If you haven't yet, please give this a read.https://t.co/5f2Semm4Ah— Amy Menke (@AmyMenke) April 20, 2017
Menke’s production did dip in her senior season at UND, but she put up 40 points in 35 games in her junior year. Like Lonergan she’s a standout defensive forward who has no qualms with stepping in front of shots and doing whatever she has to do for her team to get a win. On the national team she’d be a great fit as a defensive forward playing in a bottom-six role.
Megan Bozek, Michelle Picard, Blake Bolden, Courtney Burke, Jenny Ryan, Kelsey Koelzer, Alyssa Gagliardi
Bozek, like Carpenter, was one of the national team’s final cuts. Her omission from the national team is certainly eyebrow-raising. One needs only watch Bozek’s performance against the Boston Pride and its cadre of national team players from the 2017 Isobel Cup Final to appreciate what she can bring to a team. If you’re still unconvinced, keep an eye out for what Bozek does for her new team: the Markham Thunder.
BREAKING NEWS: Thunder sign free agent Megan Bozek https://t.co/nryaHl89FN pic.twitter.com/XxT4YdjNiH— Markham Thunder HC (@ThunderCWHL) January 10, 2018
In addition to having one of the best shots in hockey, Bozek is also a fierce competitor with a history of putting up points for the national team. She plays a lot bigger than her 5-foot-8 frame and knows how to get under the skin of Team Canada. She has a presence when she’s on the ice and the U.S. national team is going to miss it (and that bone-breaking shot).
Why wasn’t Bolden invited to USA Hockey’s National Team Selection Camp? Everyone who has watched Bolden play agrees that she’s an exceptional defender. But it appears that there’s some uncertainty about just how good she really is, especially among the folks who make roster decisions at USA Hockey.
After two seasons of outstanding play in the NWHL Bolden took her skills to Switzerland this season. In 17 games with HC Lugano the Boston College alumna has 15 goals and 11 assists. As impressive as those numbers are, they’re hardly surprising considering Bolden’s skill set. She’s an effortless skater blessed with a nasty shot and fantastic vision. Bolden would be a perfect fit for any team with speedy forwards that likes to catch its opponents flat-footed in the neutral zone.
So, why didn’t she get invited to the Selection Camp? We may never know.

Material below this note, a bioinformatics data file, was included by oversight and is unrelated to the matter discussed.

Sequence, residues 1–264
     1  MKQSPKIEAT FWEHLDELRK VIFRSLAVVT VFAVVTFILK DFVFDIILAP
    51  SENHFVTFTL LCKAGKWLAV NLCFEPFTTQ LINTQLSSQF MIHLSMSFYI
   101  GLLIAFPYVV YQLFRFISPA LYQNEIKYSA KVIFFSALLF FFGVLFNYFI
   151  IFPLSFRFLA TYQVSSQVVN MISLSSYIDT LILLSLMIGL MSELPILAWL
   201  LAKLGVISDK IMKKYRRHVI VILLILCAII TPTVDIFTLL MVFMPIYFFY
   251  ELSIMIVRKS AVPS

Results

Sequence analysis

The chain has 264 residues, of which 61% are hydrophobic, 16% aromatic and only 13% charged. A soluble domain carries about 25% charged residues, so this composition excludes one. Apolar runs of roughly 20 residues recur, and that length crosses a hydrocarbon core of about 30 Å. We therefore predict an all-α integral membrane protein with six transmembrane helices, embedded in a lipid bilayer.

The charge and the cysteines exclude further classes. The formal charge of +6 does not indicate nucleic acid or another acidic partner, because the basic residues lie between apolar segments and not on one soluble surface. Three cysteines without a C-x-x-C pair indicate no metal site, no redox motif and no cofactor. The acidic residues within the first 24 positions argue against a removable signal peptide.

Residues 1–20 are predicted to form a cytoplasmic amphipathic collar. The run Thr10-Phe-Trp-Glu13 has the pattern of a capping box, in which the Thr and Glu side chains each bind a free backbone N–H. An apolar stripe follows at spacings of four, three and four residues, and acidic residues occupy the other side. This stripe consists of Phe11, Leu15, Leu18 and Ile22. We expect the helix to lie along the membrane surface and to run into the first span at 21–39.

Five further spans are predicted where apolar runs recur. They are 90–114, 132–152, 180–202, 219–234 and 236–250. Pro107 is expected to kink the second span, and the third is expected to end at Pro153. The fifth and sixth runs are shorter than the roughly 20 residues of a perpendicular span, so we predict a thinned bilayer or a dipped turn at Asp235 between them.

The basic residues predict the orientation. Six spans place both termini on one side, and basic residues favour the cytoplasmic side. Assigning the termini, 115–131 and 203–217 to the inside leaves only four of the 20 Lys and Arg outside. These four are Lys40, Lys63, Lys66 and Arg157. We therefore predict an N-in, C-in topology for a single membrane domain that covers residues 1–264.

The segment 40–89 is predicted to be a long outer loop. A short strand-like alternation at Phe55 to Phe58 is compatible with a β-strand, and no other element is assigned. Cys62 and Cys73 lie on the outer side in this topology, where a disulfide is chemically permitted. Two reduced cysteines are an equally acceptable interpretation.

Ryan may be just 5-foot-4 but that hasn’t stopped her from turning a lot of heads in the NWHL this season. The former University of Wisconsin standout was invited to USA Hockey’s National Team Selection Camp along with her current Riveters teammate and fellow defender Kelsey Koelzer. Ryan and Koelzer were two of 12 defenders invited to the camp, but neither of them made it to residency.
Ryan and Courtney Burke are without a doubt the best defensive pair in the NWHL this season. Ryan has 10 points in her first 8 games as a professional and has established herself as a dangerous two-way defender. Like Koelzer, her future is bright and could still include a role with the national team. With the exception of her size, Ryan really is the complete package.
Katie Burt, Shelby Amsley-Benzie, Katie Fitzgerald
Is Burt too young to play on the world’s biggest stage? Maybe, but the soon-to-be 21-year-old is already recognized as one of the best goalies in women’s hockey. The fact that she was one of the six goalies who received an invite for the national team back in April is evidence of that. It’s also worth mentioning that Burt was the first overall pick of the 2017 NWHL Draft.
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A bona fide star of USA Hockey’s U-18 program, Burt has been dominant for the Eagles during her four-year NCAA career. Her numbers have slipped a bit in her senior season, but for Burt that means a .928 save percentage instead of .935 or .940 save percentage. Yes, she’s that good. If USA Hockey loses confidence in any of its current goaltenders after the Olympics Burt will almost certainly be the next goalie in.